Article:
Master's Degree in Law Enforcement: Program Summary

While there are no master's degree programs specifically in law enforcement, interested students may consider a Master of Science in Criminal Justice. Learn more about program options, common coursework, and future opportunities for graduates.

Essential Information

Students who want to pursue graduate-level study in law enforcement can enroll in a Master of Science in Criminal Justice (MSCJ) program. These programs involve conceptual, sociological, theoretical and practical studies of crime and law enforcement. Topics of study include criminology, social control, corrections, juvenile justice and the analysis of criminal behavior. Some programs offer both a thesis and non-thesis option.

These programs generally take no more than two years to complete, and they may be offered entirely online or a in a hybrid classroom- and web-based format. In order to apply, students must hold a bachelor's degree in criminal justice or a related discipline. Some programs give preference to applicants who have some professional experience in law enforcement or criminal justice.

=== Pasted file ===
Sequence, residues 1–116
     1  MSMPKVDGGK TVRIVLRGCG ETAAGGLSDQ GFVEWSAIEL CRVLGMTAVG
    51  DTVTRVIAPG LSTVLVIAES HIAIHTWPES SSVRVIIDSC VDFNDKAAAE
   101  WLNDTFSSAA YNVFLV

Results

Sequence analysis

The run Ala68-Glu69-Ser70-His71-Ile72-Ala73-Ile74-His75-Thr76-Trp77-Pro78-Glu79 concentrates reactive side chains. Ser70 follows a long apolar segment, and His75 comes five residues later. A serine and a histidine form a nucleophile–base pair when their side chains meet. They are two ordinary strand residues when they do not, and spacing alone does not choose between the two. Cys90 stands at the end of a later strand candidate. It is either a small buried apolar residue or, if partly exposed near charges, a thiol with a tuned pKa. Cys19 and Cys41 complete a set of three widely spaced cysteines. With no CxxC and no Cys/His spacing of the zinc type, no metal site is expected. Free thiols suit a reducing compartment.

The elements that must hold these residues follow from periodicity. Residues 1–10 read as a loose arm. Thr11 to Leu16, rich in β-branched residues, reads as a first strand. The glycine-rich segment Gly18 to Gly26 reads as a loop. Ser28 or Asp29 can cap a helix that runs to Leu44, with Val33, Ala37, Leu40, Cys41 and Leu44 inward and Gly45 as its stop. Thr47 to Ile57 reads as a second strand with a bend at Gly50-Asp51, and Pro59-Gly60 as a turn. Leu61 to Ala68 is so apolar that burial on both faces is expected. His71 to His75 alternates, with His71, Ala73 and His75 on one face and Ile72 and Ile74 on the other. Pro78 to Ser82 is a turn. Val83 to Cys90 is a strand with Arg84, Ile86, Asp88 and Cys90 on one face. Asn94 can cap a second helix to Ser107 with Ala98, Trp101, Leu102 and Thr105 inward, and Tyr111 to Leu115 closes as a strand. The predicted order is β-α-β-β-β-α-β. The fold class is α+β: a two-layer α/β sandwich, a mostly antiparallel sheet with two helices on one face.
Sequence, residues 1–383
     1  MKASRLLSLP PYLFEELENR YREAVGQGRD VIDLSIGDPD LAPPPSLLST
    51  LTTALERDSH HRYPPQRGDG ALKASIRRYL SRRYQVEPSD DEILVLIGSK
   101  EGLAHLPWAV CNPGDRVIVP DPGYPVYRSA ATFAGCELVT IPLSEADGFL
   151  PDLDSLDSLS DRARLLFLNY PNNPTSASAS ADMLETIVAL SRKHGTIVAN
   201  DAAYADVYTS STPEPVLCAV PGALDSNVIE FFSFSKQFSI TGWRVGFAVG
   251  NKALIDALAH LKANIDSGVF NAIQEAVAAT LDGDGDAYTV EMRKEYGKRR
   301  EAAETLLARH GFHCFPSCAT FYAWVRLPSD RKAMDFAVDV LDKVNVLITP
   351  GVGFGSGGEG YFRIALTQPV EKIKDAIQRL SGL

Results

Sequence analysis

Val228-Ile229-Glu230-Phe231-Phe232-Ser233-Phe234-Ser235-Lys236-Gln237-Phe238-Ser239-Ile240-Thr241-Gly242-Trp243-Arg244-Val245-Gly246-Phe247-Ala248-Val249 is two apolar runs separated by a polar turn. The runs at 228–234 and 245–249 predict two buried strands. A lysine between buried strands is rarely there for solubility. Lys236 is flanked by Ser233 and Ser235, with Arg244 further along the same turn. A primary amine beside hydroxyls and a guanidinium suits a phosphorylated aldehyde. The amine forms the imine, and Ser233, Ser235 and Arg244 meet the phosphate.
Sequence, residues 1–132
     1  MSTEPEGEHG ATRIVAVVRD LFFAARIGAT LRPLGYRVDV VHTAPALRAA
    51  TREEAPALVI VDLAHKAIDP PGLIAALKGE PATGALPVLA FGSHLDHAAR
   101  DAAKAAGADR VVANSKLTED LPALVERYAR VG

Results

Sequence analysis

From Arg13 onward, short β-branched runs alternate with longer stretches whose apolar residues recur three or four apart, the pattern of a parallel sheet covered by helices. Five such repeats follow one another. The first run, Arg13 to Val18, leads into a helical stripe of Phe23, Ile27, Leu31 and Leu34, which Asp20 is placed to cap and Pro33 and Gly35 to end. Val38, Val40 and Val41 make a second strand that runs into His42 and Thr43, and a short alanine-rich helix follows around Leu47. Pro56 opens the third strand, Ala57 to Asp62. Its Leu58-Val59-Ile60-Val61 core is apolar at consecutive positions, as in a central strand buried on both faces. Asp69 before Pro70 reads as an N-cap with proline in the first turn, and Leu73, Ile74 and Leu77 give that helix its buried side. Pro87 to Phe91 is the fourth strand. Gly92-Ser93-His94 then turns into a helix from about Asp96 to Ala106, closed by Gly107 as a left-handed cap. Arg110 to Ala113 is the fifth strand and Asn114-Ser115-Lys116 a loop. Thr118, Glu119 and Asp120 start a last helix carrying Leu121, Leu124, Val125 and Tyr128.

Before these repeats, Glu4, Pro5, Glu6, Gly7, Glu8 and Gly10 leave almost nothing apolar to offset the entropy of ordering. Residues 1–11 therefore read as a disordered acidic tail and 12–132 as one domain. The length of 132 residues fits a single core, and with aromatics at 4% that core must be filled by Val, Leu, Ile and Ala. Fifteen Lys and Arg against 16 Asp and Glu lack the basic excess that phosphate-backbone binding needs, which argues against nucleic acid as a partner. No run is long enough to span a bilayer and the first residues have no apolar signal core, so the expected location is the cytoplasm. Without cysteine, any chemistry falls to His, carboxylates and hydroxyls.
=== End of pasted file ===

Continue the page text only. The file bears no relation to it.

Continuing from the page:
Master's of Science in Criminal Justice (MSCJ) Degree

In order to graduate, students must complete 36 credit hours of coursework. However, students who choose the non-thesis track must also complete three professional paper credit-hours. Some of the common classes in an MSCJ programs include:

  • Administration of criminal justice
  • Current legal issues in law enforcement
  • Advanced criminology theory
  • Management principles in criminal justice
  • History and philosophy of justice

Employment Outlook and Salary Information

Police and detective employment opportunities are predicted to increase by about 4% between the years of 2014 and 2024, which is slower than average for all jobs, according to the U.S. Bureau of Labor Statistics ( The BLS reported in May 2015 that police and sheriff's patrol officers earned $58,320 as a median annual wage.

Continuing Education Information

Graduates seeking to continue their education can apply for admission to a doctoral degree program in criminal justice or a related subject. Additionally, professional development and advanced training in specific areas of law enforcement can be found through the Federal Bureau of Investigation (, the Secret Service ( and the Drug Enforcement Administration (

Master's degree programs in criminal justice provide students with expertise in the field of law enforcement, which they can apply to careers in the field or advanced academic studies.

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